Fairfield Warde High School's annual "Battle of the Houses" was more than a way for students to let off steam by competing against each other in quirky events like Jell-O eating and crabwalk soccer.

Graduates who spoke at Warde's 10th annual commencement Wednesday evening said the Battle of the Houses also taught students the value of competition and sportsmanship.

"In this real world, competition is everywhere," said Jordan Lauf, who delivered the Class of 2014 address. But Lauf said competition requires sportsmanship, and he asked graduates to remember that no matter which house at Warde -- Pequot, Fitts or Townsend -- won the Battle of the Houses, students left the annual event together.

Lauf said competition that includes sportsmanship can be good because it helps students better themselves, those around them and the school as a whole.

The 350 graduates' allegiance to their school houses was reflected this year in the academic caps and gowns for the ceremony. Graduates from Fitts House wore black, grads from Townsend House wore white and those from Pequot House wore red. The three colors are represented on Warde's flag, which depicts a black mustang against a red and white background.

Nicole Levine, the salutatorian, said the classmates' dreams were a lot alike when they began their school career in kindergarten, but now are very diverse based on their evolving interests. She said each graduate had replaced childhood dreams with "new aspirations based upon their personal strengths."

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Number of graduates: 352
Valedictorian: Delia M. Motavalli
Salutatorian: Nicole S. Levine

Nevertheless, each graduate reflects the experiences they shared together, and "what's important is what we've learned about ourselves along the way," Levine said.

Valedictorian Delia Motavalli asked graduates to imagine their lives as a Wikipedia page and to realize a lot of blank space remains to be filled. She said graduates' pages will be "a long and ever-changing work in progress" with "absolutely no limit to what you can put in it."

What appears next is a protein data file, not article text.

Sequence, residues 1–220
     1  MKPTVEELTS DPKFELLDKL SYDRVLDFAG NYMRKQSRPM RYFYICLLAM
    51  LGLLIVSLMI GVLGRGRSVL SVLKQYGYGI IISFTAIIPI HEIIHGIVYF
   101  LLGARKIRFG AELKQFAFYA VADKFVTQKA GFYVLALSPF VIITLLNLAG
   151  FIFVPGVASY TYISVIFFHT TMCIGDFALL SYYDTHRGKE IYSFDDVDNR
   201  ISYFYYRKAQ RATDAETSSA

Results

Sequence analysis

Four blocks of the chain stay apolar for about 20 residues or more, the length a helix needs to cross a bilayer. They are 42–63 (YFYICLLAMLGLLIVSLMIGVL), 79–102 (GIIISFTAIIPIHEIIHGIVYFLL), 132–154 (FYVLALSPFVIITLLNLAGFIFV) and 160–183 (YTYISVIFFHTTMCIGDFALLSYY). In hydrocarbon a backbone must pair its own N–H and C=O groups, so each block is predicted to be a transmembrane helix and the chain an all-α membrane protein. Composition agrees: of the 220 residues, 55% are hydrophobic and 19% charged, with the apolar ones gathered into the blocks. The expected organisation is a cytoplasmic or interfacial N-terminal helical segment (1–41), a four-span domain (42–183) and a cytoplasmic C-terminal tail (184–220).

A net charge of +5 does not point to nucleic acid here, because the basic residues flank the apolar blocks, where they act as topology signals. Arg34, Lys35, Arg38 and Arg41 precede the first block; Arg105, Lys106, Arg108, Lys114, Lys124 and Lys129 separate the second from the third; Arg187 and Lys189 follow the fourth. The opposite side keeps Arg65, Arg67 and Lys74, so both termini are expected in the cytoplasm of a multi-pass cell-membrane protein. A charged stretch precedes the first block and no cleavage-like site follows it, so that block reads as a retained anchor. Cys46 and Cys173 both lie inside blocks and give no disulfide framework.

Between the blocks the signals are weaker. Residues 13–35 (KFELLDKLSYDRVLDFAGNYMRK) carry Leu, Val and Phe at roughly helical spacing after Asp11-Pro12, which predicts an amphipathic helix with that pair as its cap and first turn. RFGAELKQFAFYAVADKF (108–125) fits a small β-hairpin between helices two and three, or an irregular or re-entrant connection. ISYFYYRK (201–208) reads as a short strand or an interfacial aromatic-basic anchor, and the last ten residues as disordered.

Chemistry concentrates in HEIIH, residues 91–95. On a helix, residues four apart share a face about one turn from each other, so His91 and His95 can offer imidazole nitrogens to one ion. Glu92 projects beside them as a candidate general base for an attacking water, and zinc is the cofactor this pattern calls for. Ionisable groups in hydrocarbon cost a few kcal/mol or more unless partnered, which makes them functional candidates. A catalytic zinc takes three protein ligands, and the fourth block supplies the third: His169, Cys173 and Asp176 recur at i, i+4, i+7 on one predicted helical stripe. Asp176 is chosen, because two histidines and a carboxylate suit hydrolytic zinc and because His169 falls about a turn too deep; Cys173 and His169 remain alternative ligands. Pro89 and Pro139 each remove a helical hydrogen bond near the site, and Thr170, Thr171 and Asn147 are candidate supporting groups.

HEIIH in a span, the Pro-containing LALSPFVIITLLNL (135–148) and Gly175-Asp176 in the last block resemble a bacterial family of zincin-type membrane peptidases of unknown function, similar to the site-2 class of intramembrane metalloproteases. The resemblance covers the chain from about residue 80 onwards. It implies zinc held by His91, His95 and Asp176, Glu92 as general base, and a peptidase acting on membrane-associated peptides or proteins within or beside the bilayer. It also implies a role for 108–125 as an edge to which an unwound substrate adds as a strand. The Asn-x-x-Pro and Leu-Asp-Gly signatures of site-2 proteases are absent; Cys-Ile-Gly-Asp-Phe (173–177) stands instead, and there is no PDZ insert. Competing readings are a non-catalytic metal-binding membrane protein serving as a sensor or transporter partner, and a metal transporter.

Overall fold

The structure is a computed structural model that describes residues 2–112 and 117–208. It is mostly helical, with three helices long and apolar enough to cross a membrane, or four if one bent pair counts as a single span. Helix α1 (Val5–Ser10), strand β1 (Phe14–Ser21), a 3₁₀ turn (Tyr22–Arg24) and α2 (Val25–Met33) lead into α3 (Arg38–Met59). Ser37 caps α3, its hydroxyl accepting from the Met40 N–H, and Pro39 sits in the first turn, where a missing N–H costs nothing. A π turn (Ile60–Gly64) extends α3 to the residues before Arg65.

But Motavalli said accomplishments won't appear on their Wikipedia pages without effort and taking risks. "It's not going to fill itself. If you want to have a full and interesting life, you need to actively seek it out for yourself," she said. "Don't wait for an engraved invitation or tap on the shoulder to start living your life meaningfully."

The Declaration of Independence speaks of the "pursuit" of happiness, and graduates need to put in effort and actively seek happiness, Motavalli said. Thomas "Jefferson understood happiness is a responsibility, not a gift. Actively pursue your version of happiness and success. Actively fill your Wikipedia page," she said.

Levine said graduates' experiences at Warde "have prepared us for what lies ahead," adding that graduates "all have it in us to face whatever challenges lie ahead."

Everyone's ship sooner or later would start to go down, Motavalli said. "But we can't allow the fear of taking on water to prevent us from setting sail," she said.

Graduates also paid tribute to teachers, administrators, families and friends for helping them reach the pinnacle of their high school career. "We are here today because of our hard work and dedication, but also because of the help of those sitting around us," said Samantha Schwartz, who delivered the ceremony's welcome address.

Warde Headmaster James Coyne said he had asked the graduates in September to set a standard and model Warde's core values, which, as an acronym, are "Welcoming, Academic, Respectful, Dynamic and Ethical."

"You did this and more in a way tonight that makes us exceedingly proud," Coyne said.

After the ceremony, Sergio Pineda, a graduate from Pequot House who's headed to the University of Connecticut in Storrs, cited Warde's Battle of the Houses as something he would always remember. "It's really exciting," he said. "All the houses compete in different sports and you get a winner at the end. It's pretty intense."

Pineda said he also would miss his teachers and technology labs, which set him on a path to pursue a career in computer engineering.

Jonathan Burger, a graduate from Pequot House who plans to attend Ithaca College in Ithaca, N.Y., said he would most miss graphic design classes and the "close environment" at Warde. "Everyone was friends," he said.

Matt Richter, a graduate from Townsend House who is moving on to Colorado State University in Fort Collins, said he would miss how understanding the staff at Warde High was. "They know that everyone's different and has their own needs," he said.

Richter said Wednesday's graduation will be the experience he always remembers from Warde High. "This kind of summed up everything I've done the last four years. That is the moment that we're all going to remember," he said. "This is the moment that sums up all our experiences."